Misdirection on Assortative Mating and Income Inequality

This is a story about misdirection, how authors contort their analysis to answer a question no one is asking but make it seem as if they are answering an important current question, such as ‘why has income inequality increased?’. The consequence is to be grossly misleading or, worse, to present conclusions that are directly opposite of what one’s data show.

The paper in question is titled “US income inequality and assortative marriages” and written by Jeremy Greenwood, Nezih Guner, Georgi Kocharkov, and Cezar Santos for VoxEU.org. The research relates to an increase in positive assortative mating: “how likely a person is to marry someone of similar educational background. Since education is an important determinant of income, these patterns of matching might have an impact on the economy’s distribution of income.” Basically, if higher income men are now more likely to marry higher income women then household income inequality will grow.

The authors conclude that “rising assortative mating together with increasing labour-force participation by married women [emphasis added by me] are important in order to account for the determinants of growth in household income inequality in the US.” So, right out of the gate, a key influence not trumpeted in the headline (rising labour-force participation by married women) is introduced. But we’ll stick with the findings on assortative mating for now. The authors compare assortative mating in 2005 to that of 1960. The selection of the dates for comparison, 1960 and 2005, determines their story and they choose a misleading one. They show their key finding in the very first graph, presented below, which uses Kendall’s tau statistic to measure the relationship between husband’s and wife’s educational levels. The higher the tau statistic ‘the higher is the degree of positive assortative mating.”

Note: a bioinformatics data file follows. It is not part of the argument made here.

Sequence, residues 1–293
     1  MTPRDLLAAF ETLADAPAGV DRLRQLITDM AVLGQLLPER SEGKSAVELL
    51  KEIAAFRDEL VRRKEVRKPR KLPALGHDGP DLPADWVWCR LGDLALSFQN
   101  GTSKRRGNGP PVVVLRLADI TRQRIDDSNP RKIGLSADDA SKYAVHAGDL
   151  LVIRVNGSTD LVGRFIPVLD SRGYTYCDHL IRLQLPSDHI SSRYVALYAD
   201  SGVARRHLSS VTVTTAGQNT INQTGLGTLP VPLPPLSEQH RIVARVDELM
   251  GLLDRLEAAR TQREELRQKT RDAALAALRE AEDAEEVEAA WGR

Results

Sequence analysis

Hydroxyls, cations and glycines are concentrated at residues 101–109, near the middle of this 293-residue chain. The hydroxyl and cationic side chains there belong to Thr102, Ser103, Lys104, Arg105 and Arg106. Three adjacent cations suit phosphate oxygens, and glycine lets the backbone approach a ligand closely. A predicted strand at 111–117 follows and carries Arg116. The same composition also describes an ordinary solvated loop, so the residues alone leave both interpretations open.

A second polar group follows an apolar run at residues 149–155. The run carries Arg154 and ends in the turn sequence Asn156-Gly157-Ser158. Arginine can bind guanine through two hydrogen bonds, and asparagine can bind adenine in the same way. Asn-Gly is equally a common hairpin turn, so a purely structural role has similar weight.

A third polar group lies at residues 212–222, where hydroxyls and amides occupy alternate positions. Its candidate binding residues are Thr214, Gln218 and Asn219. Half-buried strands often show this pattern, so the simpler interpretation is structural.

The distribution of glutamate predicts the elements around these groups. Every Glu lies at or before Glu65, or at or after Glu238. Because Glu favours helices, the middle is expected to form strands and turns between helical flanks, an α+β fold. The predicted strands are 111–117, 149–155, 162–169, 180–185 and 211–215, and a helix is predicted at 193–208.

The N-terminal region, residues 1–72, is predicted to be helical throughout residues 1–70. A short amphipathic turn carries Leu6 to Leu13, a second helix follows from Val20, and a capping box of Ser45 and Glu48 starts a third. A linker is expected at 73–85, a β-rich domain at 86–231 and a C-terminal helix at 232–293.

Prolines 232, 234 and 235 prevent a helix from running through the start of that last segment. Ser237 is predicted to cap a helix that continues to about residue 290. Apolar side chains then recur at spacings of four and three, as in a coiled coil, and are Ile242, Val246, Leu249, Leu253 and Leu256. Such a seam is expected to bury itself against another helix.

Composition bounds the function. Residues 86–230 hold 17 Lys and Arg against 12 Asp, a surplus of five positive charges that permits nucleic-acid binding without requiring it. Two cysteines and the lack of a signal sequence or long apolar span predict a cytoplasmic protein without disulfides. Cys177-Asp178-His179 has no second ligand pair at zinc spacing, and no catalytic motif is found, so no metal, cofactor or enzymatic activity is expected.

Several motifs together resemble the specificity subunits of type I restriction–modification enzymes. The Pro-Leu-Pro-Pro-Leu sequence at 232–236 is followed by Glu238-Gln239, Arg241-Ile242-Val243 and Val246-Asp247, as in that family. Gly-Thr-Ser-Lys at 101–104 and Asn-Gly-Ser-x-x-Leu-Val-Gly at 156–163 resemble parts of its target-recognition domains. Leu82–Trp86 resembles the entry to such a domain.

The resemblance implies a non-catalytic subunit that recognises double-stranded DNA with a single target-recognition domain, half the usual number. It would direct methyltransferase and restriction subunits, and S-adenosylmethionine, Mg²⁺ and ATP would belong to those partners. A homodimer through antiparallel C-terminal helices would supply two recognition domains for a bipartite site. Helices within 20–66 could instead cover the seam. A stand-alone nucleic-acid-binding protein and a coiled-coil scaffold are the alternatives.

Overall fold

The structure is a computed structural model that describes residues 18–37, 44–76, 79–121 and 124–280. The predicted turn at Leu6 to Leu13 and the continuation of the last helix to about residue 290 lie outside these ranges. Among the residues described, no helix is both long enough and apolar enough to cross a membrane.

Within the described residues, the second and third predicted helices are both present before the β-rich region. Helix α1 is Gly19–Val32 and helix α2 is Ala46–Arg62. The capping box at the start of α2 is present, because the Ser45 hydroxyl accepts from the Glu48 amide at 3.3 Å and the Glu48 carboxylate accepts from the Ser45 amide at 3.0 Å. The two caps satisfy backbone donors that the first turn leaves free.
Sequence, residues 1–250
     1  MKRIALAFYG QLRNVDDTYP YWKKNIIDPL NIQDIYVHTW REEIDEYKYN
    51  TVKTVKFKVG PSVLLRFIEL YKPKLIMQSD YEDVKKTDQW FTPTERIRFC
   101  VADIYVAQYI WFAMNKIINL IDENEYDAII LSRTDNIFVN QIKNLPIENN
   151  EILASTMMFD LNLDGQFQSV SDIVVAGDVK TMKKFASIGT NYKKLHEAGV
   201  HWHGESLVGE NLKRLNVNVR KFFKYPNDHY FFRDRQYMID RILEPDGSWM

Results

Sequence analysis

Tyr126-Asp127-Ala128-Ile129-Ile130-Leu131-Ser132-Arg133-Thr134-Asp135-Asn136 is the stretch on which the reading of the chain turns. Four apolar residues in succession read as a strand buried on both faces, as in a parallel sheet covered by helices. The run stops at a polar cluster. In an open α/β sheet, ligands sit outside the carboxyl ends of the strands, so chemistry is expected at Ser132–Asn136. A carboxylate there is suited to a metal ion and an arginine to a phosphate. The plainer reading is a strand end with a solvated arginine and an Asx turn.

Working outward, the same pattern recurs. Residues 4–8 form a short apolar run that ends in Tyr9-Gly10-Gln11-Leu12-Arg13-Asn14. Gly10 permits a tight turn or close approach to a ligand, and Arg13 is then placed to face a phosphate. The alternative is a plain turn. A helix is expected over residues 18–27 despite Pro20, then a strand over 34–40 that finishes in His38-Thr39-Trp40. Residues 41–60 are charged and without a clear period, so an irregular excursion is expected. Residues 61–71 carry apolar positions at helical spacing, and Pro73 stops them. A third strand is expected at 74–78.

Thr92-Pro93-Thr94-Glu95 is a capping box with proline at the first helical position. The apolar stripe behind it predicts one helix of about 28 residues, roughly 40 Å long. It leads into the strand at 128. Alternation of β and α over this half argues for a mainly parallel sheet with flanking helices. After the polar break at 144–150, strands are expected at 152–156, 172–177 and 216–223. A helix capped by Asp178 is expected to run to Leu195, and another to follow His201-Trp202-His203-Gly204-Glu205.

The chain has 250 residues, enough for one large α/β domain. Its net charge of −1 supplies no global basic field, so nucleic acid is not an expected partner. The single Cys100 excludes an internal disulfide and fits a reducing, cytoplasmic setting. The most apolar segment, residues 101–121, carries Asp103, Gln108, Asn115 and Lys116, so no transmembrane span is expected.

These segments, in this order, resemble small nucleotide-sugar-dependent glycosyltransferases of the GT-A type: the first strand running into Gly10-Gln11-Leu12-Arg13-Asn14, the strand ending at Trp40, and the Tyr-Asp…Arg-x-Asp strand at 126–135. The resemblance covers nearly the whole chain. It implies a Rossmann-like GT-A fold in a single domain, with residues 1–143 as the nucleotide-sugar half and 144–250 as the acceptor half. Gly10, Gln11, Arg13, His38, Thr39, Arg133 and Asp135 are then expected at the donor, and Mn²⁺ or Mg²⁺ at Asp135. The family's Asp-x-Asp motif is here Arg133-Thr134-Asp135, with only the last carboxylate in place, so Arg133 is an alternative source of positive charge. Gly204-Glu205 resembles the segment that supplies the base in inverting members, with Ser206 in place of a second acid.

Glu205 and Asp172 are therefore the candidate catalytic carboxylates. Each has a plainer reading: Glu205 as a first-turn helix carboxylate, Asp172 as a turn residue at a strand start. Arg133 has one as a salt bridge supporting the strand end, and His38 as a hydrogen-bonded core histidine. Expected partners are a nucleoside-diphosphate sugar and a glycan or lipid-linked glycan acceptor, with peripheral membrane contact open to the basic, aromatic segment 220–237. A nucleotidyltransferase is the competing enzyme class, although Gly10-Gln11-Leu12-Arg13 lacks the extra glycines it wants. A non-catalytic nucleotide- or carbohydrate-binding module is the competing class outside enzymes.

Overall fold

The authors conclude from this graph that “while the series is not increasing throughout the entire period, the statistic is clearly higher in 2005 relative to 1960.” The increase in positive assortative mating is then shown to contribute to a rise in income inequality between 1960 and 2005.

I am confident that we will be reading conservative columnists and politicians using this research to claim that income inequality was caused by demographic trends and not by changes in the distribution of economic rewards. That would be an inappropriate conclusion. Why? Simply because the question that should be answered is why income inequality grew a great deal between 1979 and now and was fairly stable before then (the share of income, including capital gains, going to the top 10 percent was 32.2 percent in 1960, 33.5 percent in 1980 and rose to 46.6 percent by 2005). Greenwood et al.’s data show that positive assortative mating declined(!) from 1980 to 2005, which directly tells us that this phenomenon did not cause any of the income inequality generated after 1980: in fact, positive assortative mating was a force that equalized incomes after 1980. It was in the period from 1960 to 1980 that positive assortative mating lead to more unequal incomes. Consequently, their research in no way lifts up the role of ‘like marrying like’ in generating inequality since 1980: it actually means that economic inequalities overcame an equalizing demographic factor and that the inequality of economic outcomes had an even larger impact than we might have thought. The title of the VoxEU piece, “US income inequality and assortative marriages,” may seem like it’s answering a relevant question, but it isn’t: No one is trying to figure out why income inequality is greater now than in 1960, and interest in a factor that increased inequality between 1960 and 1980 but was equalizing post-1980 is definitely not informative about current inequality trends.

This is very similar to the sleight-of-hand used in articles bragging how incomes are greater now than in 1960, which is true but pretty misleading since the vast amount of that income growth for a typical family occurred between 1960 and 1973. That’s not quite relevant, right? The fact that assortative mating may have generated more inequality between 1960 and 1980 is similarly irrelevant to current day discussions of income inequality. Unless, that is, you are trying to mislead people.

  • Thanks. I didn’t have time to critique that article.

  • Dan Helphrey